ZERO STARS/**** Image A- Sound A- Extras C
starring Chris Kattan, Peter Falk, Peter Berg, Roger Fan
screenplay by David Garrett & Jason Ward
directed by Rob Pritts
by Walter Chaw There's an apocryphal tale from the set of John Sturges's The Magnificent Seven concerning Steve McQueen consistently upstaging Yul Brynner until the bald-pated thespian, fresh off his Oscar for The King and I, threatened to take off his hat during McQueen's scenes. An amusing anecdote about Hollywood egos and the urge to steal the limelight, it enters into a discussion of the abominable Corky Romano because a very curious thing happens in the film to its star, Chris Kattan.
In Corky Romano, Kattan's SNL-honed seizures and spasms upstage Kattan himself--he has created a jittering, jerking monster and it careens madly out of control. Marking the first time in recent memory that a non-Adam Sandler actor has undermined not only the quality but also the watchability of an entire film with a surplus of vaudevillian tics and freakish affectations, Corky Romano can't be viewed as a comedy, though it can be taken as a cautionary tale to comedians to try less hard, and to audiences not to assume that a lively cameo in an otherwise dreadful film (i.e., Monkeybone) is an indicator of future success.
Corky is the black sheep of a crime family and Corky Romano is a cheap riff on Black Sheep and Blue Streak, neither of which smelled very fresh in the first place. His father, Pops Romano (Peter Falk), with his two no-goodnik brothers (Peter Berg and the ever-expanding Chris Penn), hatch a plan to get the estranged Corky to go undercover with the FBI to steal evidence against the Romano mob. The joke of the film is, of course, that Corky is so incompetent in every facet of daily existence that he'll make a lovable mess out of every madcap situation in which he finds himself, all the while winning the approval of his co-workers and family and eventually saving the day. People who go to Corky Romano should be forewarned that Kattan is easily the most irritating thing to twitch its way onto movie screens this fall, and that, out of all the mugs and desperate slapstick that comprise Kattan's performance, there is only a single moment (involving the accidental ingestion of cocaine) that elicits so much as a grin.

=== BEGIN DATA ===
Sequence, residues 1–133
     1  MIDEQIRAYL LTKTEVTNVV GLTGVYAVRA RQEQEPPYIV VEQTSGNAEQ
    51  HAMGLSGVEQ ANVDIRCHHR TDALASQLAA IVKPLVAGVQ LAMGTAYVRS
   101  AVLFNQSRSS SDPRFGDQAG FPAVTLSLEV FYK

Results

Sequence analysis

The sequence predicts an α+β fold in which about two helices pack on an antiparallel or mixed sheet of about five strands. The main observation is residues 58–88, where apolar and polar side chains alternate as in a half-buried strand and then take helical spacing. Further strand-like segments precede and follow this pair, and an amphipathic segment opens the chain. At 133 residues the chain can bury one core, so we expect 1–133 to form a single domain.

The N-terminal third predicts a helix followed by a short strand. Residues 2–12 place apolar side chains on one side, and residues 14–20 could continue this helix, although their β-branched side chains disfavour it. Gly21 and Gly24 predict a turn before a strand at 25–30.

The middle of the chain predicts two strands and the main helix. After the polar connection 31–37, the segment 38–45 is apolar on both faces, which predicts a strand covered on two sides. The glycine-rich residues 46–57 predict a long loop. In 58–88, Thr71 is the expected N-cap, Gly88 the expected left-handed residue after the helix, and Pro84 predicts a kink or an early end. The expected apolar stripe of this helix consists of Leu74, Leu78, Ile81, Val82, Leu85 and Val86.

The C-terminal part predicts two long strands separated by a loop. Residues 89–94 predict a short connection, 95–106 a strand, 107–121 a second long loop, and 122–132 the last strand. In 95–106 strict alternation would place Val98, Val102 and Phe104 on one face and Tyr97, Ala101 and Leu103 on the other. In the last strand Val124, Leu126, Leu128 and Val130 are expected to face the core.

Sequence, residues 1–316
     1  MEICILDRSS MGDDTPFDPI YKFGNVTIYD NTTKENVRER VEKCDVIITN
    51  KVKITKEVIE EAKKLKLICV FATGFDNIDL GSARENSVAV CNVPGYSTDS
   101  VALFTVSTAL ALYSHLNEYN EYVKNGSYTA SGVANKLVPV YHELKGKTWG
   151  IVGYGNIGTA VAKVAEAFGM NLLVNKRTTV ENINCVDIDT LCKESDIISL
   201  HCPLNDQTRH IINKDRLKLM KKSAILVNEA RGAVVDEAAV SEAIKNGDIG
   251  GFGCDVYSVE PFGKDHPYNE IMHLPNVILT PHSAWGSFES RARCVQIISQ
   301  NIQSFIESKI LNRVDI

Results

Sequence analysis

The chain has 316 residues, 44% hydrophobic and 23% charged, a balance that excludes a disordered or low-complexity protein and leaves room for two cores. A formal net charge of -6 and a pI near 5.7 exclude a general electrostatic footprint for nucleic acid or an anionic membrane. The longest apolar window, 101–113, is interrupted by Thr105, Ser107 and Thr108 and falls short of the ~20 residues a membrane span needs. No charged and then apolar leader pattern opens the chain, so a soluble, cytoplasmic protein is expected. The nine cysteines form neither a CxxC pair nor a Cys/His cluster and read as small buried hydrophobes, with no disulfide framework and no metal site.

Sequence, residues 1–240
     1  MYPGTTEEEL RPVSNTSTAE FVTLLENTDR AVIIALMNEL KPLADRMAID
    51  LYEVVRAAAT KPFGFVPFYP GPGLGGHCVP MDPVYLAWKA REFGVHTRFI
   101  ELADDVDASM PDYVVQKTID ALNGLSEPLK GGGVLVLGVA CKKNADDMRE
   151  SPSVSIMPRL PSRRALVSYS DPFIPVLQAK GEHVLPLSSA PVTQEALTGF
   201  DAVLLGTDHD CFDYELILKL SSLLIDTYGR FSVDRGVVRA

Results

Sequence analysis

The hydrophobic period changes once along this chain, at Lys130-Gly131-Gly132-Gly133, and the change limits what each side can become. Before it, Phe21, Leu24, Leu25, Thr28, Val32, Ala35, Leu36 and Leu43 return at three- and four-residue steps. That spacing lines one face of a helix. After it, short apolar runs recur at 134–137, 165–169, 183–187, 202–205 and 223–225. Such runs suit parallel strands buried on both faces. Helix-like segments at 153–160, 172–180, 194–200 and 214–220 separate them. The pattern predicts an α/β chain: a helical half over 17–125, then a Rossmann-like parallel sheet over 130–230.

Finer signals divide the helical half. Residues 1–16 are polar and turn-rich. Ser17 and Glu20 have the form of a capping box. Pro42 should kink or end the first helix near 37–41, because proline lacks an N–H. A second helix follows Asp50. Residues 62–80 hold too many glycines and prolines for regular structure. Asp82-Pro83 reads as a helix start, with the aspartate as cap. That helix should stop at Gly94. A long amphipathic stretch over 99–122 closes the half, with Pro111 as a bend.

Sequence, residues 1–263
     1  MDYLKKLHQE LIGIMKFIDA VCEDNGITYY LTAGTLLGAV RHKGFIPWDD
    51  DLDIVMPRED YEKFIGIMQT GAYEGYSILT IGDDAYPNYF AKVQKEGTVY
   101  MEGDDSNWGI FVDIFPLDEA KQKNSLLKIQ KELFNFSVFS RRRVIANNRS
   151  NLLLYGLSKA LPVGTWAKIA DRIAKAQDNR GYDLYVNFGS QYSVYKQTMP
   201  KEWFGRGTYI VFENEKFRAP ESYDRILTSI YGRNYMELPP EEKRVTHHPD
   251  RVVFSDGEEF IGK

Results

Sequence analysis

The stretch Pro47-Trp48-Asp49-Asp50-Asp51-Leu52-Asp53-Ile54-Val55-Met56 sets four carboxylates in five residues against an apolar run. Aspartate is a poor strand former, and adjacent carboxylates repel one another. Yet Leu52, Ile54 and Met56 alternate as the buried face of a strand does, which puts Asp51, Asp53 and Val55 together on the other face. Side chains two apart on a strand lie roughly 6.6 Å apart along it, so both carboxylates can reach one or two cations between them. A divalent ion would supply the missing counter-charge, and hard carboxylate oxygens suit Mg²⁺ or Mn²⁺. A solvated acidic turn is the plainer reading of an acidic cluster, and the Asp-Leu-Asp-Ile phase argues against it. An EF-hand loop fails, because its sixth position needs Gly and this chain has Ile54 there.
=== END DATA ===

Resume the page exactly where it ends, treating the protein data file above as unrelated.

Cheap homosexual japes mix with beastiality and flatulence gags. There's a bit about how stupid old people are, another about an obese cat, several never-funny CGI-assisted eye-bulgings and unmotivated slow motion takes, and a parallel plot concerning a violent drug dealer that's resolved so abruptly it reeks of embarrassed expediency. There's the girl (Vinessa Shaw) who is entirely out of Corky's league but falls for him anyway, the FBI chief (Richard "Shut Yo' Mouf!" Roundtree) who finds a way to explain each of Corky's hijinks as examples of heroism, and the sticky realization that if the forged documents are convincing enough to get Corky into the FBI building and the FBI director's good graces, then what he needs to do is check the evidence against his father out of the evidence room, thus potentially ending the film about ten minutes into it. That would be too merciful.
Yet the grand problem with Corky Romano is its unfocused sense of humour--there are just no themes, plots, or characteristics carried through to any kind of conclusion. Giving nothing away by revealing that Corky Romano ends in a wedding, as the newlyweds are driving away we get a quick, unsuccessfully edited out look at the message written in soap on the trunk of their car. "Just Marred," it says, and in one fell swoop we suddenly know first that the film is clumsy and careless, and then, ironically, that its final message to the audience describes the condition of an evening that started out promisingly enough with the desire to see a movie. Originally published: October 12, 2001.
by Bill Chambers My sense of humour having ceased to develop around the age of six, I laughed a few times during Corky Romano, but all its funniest bits are in the trailer, which is conspicuously absent from Buena Vista's DVD release of the film. Presented in 1.85:1 anamorphic widescreen, Corky Romano looks nice on disc; detail and contrast are strong, though colours seem prematurely faded and yellowed. The Dolby Digital 5.1 mix is typical of a comedy: dialogue-driven, with music occasionally extending into the surround channels. The subwoofer exhibits some deep thumping during the heart attack suffered by Falk's character in the earlygoing. Amusing extended versions of the skinhead confrontation and Corky's gym-spar with Shaw, a 12-minute behind-the-scenes featurette that follows a sequence involving Kattan, Penn, and Berg from shooting through to dailies and the final product, and the trailer for Bubble Boy round out the DVD. Originally published: May 15, 2002.